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The gunman who killed two people and injured several others at a construction site in Auckland’s CBD on Thursday morning was under home detention for offences related to domestic violence, police have revealed.
Two people were shot dead when the gunman made his way through the building on Queen Street, firing a pump-action shotgun. At least six others, including one police officer, were injured during the incident.
The assailant contained himself in an elevator shaft when he reached the upper levels of the building.
Police entered the building within minutes of the shots being fired and attempted to engage with the shooter. He fired more shots from his barricaded position within the elevated shaft, and police found him dead a short time later.
The gunman has not been formally identified but is believed to be a 24-year-old man who was employed at the construction site where the shooting occurred, New Zealand Police Commissioner Andrew Coster said.
Coster said the shooter was suspected to have used a shotgun, which is legal in New Zealand. However, the attacker did not have a firearms licence.
“We know that there have been some indications of mental health history in this case,” Coster said.
Coster revealed the man was on home detention, reportedly for offences related to domestic violence. The detention conditions allowed him to work at the construction site.
“I want to acknowledge this has been a shocking and traumatic event for those people who came to work and found themselves in the middle of an armed emergency,” he said.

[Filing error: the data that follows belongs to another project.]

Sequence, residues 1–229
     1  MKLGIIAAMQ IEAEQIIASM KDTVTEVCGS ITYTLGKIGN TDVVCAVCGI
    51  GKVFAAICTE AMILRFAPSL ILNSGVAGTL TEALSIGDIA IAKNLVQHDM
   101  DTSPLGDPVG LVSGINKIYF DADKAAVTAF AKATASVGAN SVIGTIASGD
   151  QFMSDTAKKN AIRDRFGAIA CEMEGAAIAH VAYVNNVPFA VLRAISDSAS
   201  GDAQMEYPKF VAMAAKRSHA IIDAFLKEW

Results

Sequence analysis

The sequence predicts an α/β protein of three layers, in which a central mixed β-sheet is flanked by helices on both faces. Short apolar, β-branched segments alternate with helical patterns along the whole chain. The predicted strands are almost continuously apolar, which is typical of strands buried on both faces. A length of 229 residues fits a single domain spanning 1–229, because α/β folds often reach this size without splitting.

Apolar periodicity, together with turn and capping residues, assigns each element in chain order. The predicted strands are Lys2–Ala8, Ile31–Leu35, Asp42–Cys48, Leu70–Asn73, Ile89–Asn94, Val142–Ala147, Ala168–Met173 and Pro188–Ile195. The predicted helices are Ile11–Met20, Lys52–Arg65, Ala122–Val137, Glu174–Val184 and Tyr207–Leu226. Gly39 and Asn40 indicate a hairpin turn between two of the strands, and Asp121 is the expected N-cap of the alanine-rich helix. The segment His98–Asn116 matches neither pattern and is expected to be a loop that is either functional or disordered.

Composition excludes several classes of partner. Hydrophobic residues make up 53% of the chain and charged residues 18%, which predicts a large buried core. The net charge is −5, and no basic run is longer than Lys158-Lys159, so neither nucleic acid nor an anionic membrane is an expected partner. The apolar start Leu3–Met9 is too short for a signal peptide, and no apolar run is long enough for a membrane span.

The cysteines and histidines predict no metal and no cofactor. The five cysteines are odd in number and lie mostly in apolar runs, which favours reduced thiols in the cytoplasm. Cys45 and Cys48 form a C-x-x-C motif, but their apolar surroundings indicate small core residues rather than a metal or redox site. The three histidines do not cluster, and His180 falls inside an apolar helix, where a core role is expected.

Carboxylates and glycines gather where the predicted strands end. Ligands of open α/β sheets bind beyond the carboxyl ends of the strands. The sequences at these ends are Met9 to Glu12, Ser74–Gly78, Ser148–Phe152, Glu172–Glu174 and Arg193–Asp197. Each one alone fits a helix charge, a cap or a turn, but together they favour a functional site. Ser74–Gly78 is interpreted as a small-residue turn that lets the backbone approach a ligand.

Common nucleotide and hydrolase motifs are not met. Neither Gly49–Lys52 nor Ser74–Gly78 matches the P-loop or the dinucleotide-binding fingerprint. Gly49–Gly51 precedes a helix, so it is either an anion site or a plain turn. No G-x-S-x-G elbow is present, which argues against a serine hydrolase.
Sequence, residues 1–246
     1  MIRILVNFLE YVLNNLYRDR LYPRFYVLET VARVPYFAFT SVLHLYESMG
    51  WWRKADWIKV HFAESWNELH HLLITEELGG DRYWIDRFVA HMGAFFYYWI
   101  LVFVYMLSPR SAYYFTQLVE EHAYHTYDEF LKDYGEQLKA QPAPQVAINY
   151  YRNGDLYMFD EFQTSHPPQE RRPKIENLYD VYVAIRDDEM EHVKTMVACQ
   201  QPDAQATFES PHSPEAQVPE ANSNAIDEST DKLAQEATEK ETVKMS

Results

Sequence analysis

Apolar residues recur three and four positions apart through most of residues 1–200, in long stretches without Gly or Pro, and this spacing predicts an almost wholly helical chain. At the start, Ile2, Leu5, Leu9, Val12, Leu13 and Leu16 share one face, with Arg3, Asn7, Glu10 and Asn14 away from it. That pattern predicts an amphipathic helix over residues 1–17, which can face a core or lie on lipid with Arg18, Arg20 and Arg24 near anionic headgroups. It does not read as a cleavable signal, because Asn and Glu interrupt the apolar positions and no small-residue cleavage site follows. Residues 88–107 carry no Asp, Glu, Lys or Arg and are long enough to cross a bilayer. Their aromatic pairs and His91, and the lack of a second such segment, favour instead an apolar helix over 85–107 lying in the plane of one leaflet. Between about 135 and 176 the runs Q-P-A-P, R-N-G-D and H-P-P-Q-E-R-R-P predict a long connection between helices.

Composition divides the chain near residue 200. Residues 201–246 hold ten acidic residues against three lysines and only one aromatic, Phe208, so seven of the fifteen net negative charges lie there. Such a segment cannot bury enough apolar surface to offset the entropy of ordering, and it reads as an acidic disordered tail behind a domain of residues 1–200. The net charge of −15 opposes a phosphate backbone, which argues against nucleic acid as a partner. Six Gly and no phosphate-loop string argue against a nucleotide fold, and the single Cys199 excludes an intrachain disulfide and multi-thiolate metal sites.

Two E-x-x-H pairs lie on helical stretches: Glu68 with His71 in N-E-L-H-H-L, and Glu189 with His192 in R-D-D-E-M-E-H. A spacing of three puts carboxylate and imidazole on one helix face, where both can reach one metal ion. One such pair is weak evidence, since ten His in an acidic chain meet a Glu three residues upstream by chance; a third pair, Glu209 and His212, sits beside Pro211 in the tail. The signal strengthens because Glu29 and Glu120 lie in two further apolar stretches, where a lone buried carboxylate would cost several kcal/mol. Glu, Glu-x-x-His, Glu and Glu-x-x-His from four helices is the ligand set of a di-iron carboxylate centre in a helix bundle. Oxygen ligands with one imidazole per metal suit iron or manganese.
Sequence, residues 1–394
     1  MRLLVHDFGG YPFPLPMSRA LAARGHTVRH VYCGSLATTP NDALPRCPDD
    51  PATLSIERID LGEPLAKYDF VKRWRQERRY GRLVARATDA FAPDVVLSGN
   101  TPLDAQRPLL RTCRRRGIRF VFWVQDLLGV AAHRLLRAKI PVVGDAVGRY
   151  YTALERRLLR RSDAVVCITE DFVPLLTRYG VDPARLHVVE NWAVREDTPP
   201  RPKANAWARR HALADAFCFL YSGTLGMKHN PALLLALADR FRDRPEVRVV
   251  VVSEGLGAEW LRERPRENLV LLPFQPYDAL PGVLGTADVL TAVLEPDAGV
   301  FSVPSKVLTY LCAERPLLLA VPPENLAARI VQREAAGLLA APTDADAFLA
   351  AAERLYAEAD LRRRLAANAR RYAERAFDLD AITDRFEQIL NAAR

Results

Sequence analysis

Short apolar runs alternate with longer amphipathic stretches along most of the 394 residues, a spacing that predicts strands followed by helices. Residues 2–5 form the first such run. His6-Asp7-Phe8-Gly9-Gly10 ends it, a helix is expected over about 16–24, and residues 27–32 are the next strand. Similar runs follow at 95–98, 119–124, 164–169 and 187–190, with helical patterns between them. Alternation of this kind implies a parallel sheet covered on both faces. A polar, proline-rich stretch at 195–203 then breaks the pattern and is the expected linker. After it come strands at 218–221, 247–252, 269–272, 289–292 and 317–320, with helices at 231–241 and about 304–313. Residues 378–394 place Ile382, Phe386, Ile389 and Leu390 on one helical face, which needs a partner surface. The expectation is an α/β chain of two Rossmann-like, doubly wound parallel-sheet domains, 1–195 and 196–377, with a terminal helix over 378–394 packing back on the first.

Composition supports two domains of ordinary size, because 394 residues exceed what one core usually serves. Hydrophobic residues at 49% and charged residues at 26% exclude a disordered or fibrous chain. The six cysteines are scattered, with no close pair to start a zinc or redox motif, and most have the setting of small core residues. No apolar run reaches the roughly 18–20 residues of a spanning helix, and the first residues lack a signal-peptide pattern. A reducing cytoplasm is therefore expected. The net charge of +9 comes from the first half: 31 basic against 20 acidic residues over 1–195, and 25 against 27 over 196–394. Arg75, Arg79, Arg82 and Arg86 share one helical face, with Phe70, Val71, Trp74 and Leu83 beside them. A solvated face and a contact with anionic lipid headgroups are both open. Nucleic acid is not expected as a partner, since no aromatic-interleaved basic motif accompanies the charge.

“Thankfully, many people were able to escape the building, but I know that for those who hid or remained trapped this was a terrifying experience.”
The incident is not believed to be terrorism-related. New Zealand has been the scene of mass killings in the past, including the 2019 Christchurch mosque shooting, which claimed 51 lives.
A police officer was among those badly injured in Thursday’s shooting. He was taken to hospital in a critical condition and has since stabilised.
The members of the public hurt in the attack suffered injuries ranging from moderate to critical.
New Zealand Prime Minister Chris Hipkins cancelled his travel plans and addressed the media shortly after the incident was contained, offering his condolences to victims and thanking emergency services.
“My understanding from the advice that we’ve received so far is that there was no identified political or ideological motivation for the shooting, and therefore no national security risk,” Hipkins said.
“There is no change to New Zealand’s national security threat level.”
The FIFA Women’s World Cup match between New Zealand and Norway is scheduled to go ahead as planned in Auckland on Thursday night.
“Clearly with the FIFA World Cup kicking off this evening, there are a lot of eyes on Auckland,” Hipkins said. “Those watching around the world can be assured that the police have neutralised the threat.”
Several teams are staying in hotels in Auckland’s city centre, including at least one around the corner from the building where the shooting occurred.
The CBD was shut down immediately after the attack, but the public can now re-enter. The lower part of Queen Street remains cordoned off.
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This story has been updated to remove details of the gunman’s cause of death as it is unconfirmed.
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